Donkey doofuses

From the butterfly ballot to Miami-Dade's withdrawal to the confused messages sent by the Florida Supreme Court, the real damage to Al Gore has been inflicted by his own troops.

By Andrew Ross

Published November 27, 2000 8:00PM (EST)

When Al Gore addressed the nation Monday evening, he echoed the party-line justification for his ongoing battle to claim the presidency. As he told Democratic congressional leaders in a nationally televised conference earlier in the day, "It is important for the integrity of our democracy to make sure that every vote is counted."

Senior Gore supporters and strategists have been pounding away at the same message ever since Florida's secretary of state pronounced Gov. George W. Bush the winner of Florida's 25 electoral votes. They have "no choice" but to contest the certification because, says running mate Sen. Joseph Lieberman, the count is still "incomplete and inaccurate."

"An election's not over until the votes have been counted," said Gore's chief attorney, David Boies, as he prepared to launch a fresh blitz of lawsuits to overturn the certification. "And you have nine or 10 thousand votes that have never been counted once."

But whose fault is that? Not Secretary of State Katherine Harris, the Republican woman we love to hate almost as much as Linda Tripp, who observed the letter of the Florida Supreme Court's order closing off the recount at 5 p.m. Sunday. Nor those congressional aides bused in from Capitol Hill by Rep. Tom DeLay to create havoc outside Miami-Dade County's ballot counting center last week. It has nothing to do with Republican "fraud," even if Nassau County's adoption of a status quo ante tally that just happened to give Bush more votes does look eminently fishy. It is, rather, the fault of the Democrats themselves, whose ad hoc scramble to get their man into the end zone has, after three weeks of trying, quite simply failed. But like small children, they seem not to understand, let alone be able to face, the consequences of their own actions.

It was not a Republican who designed the "butterfly ballot" that confused thousands of would-be Democratic voters in Palm Beach County into voting for Pat Buchanan. It was a Democrat, the sad Theresa LePore. It was the Democrat-controlled canvassing board in Palm Beach County that decided to take Thanksgiving Day off, thereby failing to finish in time the manual recount, which had 200 or so new Gore votes counted. (The same board, to its credit, refused to count all the dimpled chads as votes, now one of the Gore legal team's causes of action.) It was a similar Democratic-controlled canvassing board in Miami-Dade County that decided it wouldn't go ahead with a recount at all -- not even of the several thousand disputed ballots -- because its members believed they did not have enough time.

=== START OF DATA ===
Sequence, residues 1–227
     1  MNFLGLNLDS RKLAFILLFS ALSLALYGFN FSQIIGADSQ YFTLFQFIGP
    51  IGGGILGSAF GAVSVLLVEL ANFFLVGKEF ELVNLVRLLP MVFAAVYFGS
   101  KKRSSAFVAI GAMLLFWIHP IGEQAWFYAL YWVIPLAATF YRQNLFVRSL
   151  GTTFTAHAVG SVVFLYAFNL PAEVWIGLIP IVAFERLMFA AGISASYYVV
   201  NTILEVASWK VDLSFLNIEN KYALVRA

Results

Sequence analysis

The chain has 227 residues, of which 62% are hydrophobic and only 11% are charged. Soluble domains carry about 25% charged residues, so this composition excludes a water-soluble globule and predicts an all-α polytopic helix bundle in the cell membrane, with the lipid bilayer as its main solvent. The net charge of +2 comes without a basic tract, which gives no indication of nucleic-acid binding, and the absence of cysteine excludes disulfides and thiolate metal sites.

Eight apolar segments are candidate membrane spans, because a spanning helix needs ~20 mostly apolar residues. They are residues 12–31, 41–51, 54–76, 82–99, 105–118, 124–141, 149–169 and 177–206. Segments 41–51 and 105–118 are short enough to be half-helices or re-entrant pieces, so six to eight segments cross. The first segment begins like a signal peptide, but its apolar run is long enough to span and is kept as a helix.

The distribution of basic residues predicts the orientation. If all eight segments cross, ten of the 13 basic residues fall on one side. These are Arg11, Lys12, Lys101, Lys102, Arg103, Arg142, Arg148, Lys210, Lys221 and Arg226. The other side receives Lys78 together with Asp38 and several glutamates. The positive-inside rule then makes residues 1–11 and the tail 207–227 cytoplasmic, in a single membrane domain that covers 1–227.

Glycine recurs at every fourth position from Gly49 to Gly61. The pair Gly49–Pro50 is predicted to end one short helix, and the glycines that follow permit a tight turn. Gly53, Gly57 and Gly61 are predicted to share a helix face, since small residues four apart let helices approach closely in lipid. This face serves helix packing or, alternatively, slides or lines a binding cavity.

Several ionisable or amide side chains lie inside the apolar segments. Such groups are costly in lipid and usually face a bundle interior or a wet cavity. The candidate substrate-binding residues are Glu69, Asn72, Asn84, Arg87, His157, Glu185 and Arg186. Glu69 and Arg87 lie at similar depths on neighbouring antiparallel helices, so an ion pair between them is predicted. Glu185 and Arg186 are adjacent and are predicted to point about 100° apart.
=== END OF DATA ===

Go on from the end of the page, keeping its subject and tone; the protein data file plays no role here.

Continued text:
Well, did they or didn't they? The Florida Supreme Court, made up of all Democrat appointees, presumably thought it did when it imposed the 5 p.m. Sunday deadline. If the court was animated by the concern that "every vote be counted" -- a perfectly sustainable legal stand -- why did it not ensure that every vote would be counted, either by demanding Miami-Dade proceed with the recount (which the court in fact refused to do), or by lengthening the recount deadline? Boies did not seem to be bothered by the court's deadline, even though Miami-Dade officials had expressed concerns last week, before the court ruled. In fact, when asked about those concerns by reporters after the court's initial ruling upholding a hand recount, the all-knowing Boies brushed them aside, exuding confidence that the count could easily be completed in time. Wrong.

Perhaps only hindsight is 20-20, but one might also ask why Team Gore did not push harder, via the courts, for a statewide hand recount when it had the chance -- when Republicans like Sen. Chuck Hagel were calling for the same thing. Not only would this clearly have been the fairest and most accurate method, but the Democrats' conviction that Gore "won" Florida might well have proven correct, and for all to see. Too late now. All that Team Gore has left is the temptation to litigate itself out of a situation that it created for itself. While it is noble to use the law to address unjust situations, there is little nobility here. Correcting one perceived injustice will inevitably create another -- to at least 50 percent of the country, one that is even greater. A Gore victory will be Pyrrhic, with a most poisonous residue. Even that promised consolation prize -- a Democratic sweep in 2002 and a one-term Bush presidency -- will be spirited away should Gore persist much longer.

Andrew Ross

Andrew Ross is Salon's executive vice president.

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2000 Elections Al Gore Democratic Party